While you do not have to measure out your foods in this way, it might be helpful. Also, if you happen to eat out or opt for take-out, remember to monitor your portion sizes in those scenarios as well. For example, if the portion size you are given is too large, try splitting the meal in half.
5. Speak to a dietitian.
If you are unsure where to begin when it comes to eating healthier, or helping your loved one eat healthier, you may want to speak with a dietician to create a meal plan that works for you or your loved one’s nutritional needs.
While there is additional information on how to eat healthy meals and what to prepare as a senior, many older adults suffer from multiple health problems that can require very specific guidelines on what to eat due to the medications they have to take, as well as other factors such as being at a higher risk for developing health diseases.
With this being said, it is important that you get accurate advice when it comes to knowing what you or your loved one should be eating on a daily basis. This includes getting help on topics like how to maintain a healthy weight. Keep in mind that many seniors also suffer from malnutrition (Eat Right Nutrition shares more on this as well as Mayo Clinic).
Eat Your Best So That You Can Be at Your Best.
There are many other healthy eating tips out there, but these are just the ones we chose to highlight. As older adults, it is increasingly important for you and your loved one to eat healthy, well-balanced meals every single day so that you can have a great quality of life.
If you happen to live far away from a grocery store, or simply find it difficult to shop for yourself, do not be hesitant to ask for help from others. You may want to consider ordering meals from meal delivery services that offer healthier options for you or your loved one.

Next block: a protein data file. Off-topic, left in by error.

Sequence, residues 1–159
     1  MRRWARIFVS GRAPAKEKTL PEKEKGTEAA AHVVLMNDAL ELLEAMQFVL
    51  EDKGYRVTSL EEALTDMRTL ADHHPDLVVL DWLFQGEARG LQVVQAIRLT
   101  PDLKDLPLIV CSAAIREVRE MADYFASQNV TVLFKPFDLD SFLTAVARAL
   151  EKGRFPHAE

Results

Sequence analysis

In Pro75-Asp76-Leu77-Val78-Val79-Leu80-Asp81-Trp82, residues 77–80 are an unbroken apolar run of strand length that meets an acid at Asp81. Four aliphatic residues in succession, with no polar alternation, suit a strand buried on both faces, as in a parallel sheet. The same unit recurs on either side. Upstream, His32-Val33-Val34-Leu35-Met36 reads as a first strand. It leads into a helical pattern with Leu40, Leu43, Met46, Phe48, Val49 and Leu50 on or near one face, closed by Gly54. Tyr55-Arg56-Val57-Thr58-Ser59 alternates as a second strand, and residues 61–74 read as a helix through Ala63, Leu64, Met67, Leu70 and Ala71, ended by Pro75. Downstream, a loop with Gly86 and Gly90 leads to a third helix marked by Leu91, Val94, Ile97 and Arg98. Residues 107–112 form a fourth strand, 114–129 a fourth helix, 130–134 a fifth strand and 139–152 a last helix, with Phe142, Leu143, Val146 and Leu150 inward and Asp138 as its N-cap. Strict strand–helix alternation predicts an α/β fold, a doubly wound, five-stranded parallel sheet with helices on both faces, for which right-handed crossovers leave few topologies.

At Royal Estates of El Paso, our menus are reviewed by a dietitian to make sure that all of our offerings meet dietary guidelines for the specific residents we serve. Visit our website to learn more about our community.
How do you make sure you or your loved one eat healthy meals throughout the week?
1. “Facts and Statistics.” HHS.gov, https://www.hhs.gov/fitness/resource-center/facts-and-statistics/index.html. Accessed 27 July 2020.
2. “Healthy Lifestyle for Healthy Older Adults.” Eat Right Nutrition, https://www.eatright.org/food/nutrition/dietary-guidelines-and-myplate/healthy-weights-for-healthy-older-adults. Accessed 29 July 2020.
3. “Get the Scoop on Sodium and Salt.” American Heart Association, https://www.heart.org/en/healthy-living/healthy-eating/eat-smart/sodium/sodium-and-salt. Accessed 29 July 2020.
4. “Serving and Portion Sizes: How Much Should I Eat?” National Institute on Aging, https://www.nia.nih.gov/health/serving-and-portion-sizes-how-much-should-i-eat#:~:text=For%20example%2C%20people%2050%20or,Grains%E2%80%945%20to%208%20ounces. Accessed 28 July 2020.
5. “Sample Menus: Healthy Eating for Older Adults.” National Institute on Aging, https://www.nia.nih.gov/health/sample-menus-healthy-eating-older-adults. Accessed 28 July 2020.
6. “10 Reasons to Visit an RDN.” Eat Right Nutrition, https://www.eatright.org/food/resources/learn-more-about-rdns/10-reasons-to-visit-an-rdn. Accessed 29 July 2020.
7. “How an RDN Can Help With Malnutrition.” Eat Right Nutrition, https://www.eatright.org/food/nutrition/healthy-eating/how-an-rdn-can-help-with-malnutrition#:~:text=Undernutrition%20can%20make%20it%20harder,improve%20their%20overall%20nutritional%20status.. Accessed 29 July 2020.
8. “Senior Health: How to Prevent and Detect Malnutrition.” Mayo Clinic, https://www.mayoclinic.org/healthy-lifestyle/caregivers/in-depth/senior-health/art-20044699. Accessed 28 July 2020.